Update of Stimulation Parameters. IntFES stimulator (Tecnalia Research and Innovation, San Sebastian, Spain) can store custom, user-defined stimulation patterns that can be activated via Bluetooth protocol. After initial calibration of the multipad electrode [9], time sequence for changes of electrode configuration, that is, combination of active pads on the electrode, that will result in palmar, lateral, pinch, and spherical grasp can be defined. These stimulation patterns define activation timings of the electrode pads that will result in adequate muscle response and the grasping force. During functional electrical therapy, these predefined sequences can be activated in real time with the corresponding Bluetooth command as illustrated in the hybrid brain-computer interface system [18]. The computer vision system will, in addition to the adequate grasp type, be able to recognize the size and orientation of the object and position and orientation of the affected hand, thus enabling fine tuning of stimulation amplitude during hand opening and timely triggering of grasping stimulation pattern. After the object is grasped, the stimulation pattern for releasing the object will be automatically activated after a predefined amount of time (where the amount of time can be interactively defined for each object type). Upon the object release, the control loop restarts.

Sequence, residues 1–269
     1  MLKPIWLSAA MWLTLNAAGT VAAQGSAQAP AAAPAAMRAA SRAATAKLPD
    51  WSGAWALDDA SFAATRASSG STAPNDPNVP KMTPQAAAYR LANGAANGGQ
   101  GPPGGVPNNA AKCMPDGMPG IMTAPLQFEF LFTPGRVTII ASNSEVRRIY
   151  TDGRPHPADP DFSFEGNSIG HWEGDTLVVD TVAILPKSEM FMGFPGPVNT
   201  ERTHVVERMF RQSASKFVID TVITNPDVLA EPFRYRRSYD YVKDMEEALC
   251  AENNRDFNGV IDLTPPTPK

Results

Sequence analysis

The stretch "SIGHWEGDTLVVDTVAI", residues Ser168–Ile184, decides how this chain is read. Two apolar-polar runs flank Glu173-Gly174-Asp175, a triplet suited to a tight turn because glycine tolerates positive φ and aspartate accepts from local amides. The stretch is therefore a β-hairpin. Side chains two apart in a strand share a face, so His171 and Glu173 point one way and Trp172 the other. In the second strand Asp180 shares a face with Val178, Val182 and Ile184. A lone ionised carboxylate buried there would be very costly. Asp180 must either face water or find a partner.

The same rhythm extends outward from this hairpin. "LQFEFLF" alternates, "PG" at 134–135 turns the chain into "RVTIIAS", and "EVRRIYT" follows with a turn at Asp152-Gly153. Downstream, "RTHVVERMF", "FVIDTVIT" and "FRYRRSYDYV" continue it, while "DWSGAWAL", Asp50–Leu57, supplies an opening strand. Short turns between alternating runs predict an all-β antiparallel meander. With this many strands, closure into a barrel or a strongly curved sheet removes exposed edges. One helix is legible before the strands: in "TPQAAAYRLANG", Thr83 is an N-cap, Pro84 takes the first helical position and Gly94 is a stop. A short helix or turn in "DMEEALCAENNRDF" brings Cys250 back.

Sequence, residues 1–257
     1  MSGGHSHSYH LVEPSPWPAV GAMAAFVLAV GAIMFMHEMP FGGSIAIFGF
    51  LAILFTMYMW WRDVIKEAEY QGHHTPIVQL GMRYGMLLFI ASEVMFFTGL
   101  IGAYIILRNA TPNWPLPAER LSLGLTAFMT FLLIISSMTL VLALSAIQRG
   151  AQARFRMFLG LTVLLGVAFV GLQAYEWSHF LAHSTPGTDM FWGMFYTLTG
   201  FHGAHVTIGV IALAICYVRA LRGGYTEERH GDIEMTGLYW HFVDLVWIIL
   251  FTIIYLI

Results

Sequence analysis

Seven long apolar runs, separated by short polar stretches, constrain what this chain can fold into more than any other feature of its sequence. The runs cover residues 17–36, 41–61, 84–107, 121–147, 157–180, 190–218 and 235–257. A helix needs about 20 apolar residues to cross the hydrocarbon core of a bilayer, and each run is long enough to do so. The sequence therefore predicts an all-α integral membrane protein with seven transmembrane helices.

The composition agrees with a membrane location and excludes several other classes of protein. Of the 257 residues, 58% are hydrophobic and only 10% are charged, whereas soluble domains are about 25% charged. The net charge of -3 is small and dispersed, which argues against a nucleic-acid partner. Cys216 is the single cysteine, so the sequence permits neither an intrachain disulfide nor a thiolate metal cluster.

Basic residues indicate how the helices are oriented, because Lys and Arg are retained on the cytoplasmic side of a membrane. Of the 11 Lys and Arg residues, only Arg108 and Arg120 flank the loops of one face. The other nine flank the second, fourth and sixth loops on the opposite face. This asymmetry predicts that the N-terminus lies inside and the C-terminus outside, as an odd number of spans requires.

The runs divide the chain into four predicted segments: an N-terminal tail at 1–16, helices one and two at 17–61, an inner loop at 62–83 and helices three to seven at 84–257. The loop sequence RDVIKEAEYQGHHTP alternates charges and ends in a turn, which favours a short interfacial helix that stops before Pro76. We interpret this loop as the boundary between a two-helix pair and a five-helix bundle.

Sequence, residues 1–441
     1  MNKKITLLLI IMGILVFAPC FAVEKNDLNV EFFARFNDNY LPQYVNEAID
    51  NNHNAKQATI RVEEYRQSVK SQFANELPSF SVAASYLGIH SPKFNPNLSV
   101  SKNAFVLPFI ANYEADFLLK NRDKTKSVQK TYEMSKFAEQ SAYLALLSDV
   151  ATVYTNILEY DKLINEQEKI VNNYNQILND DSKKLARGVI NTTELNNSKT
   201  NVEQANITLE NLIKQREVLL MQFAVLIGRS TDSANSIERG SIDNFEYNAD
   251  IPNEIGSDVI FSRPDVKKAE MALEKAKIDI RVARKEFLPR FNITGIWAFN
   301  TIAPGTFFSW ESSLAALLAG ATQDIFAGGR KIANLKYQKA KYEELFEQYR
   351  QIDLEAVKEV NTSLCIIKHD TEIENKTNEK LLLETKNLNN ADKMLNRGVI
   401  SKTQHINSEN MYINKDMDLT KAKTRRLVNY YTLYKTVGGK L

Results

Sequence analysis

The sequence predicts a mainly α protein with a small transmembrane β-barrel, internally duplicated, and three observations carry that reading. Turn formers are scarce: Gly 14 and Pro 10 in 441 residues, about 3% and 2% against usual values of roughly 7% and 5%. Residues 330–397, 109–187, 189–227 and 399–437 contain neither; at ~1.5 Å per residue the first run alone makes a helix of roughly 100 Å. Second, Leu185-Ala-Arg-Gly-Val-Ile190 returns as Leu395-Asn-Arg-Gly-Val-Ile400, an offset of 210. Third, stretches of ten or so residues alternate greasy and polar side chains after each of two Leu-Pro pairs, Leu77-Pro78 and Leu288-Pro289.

2.3. Experimental Setup

Testing Image Dataset. We have evaluated the developed artificial perception algorithm on a set of 25 different objects. These objects include two balls (different colors and sizes), a mobile phone, keys with and without a keychain, two mugs (different colors and shapes), a coffee cup, a coffee pot, two pencils, a spoon, a bottle, a flash drive with a USB connector, and a CD case. In order to evaluate the algorithm, we have formed a testing database with 86 images containing objects in various orientations, which resulted in the following:(i)42 images for lateral grasp (coffee cup, handle visible; mug, handle visible; coffee pot; pencil; and spoon),(ii)17 images for palmar grasp (coffee cup, handle hidden; mug, handle hidden; bottle; and CD in a vertical orientation),(iii)19 images for pinch grasp (mobile phone, keys, flash drive, and CD in a horizontal orientation),(iv)6 images for spherical grasp (smaller and larger ball).

The system decisions, for this image set, were then compared against the results obtained from the recorded grasp patterns in eight able-bodied subjects (as described in [26]).

Real-Time Evaluation. We tested the system responsiveness in a real-time task on a single able-bodied subject in the position shown in Figure 2, but without the stimulation system. The outputs of the artificial perception algorithm used to update stimulation parameters were monitored, while the subject interacted with several different objects, and algorithm processing time was evaluated.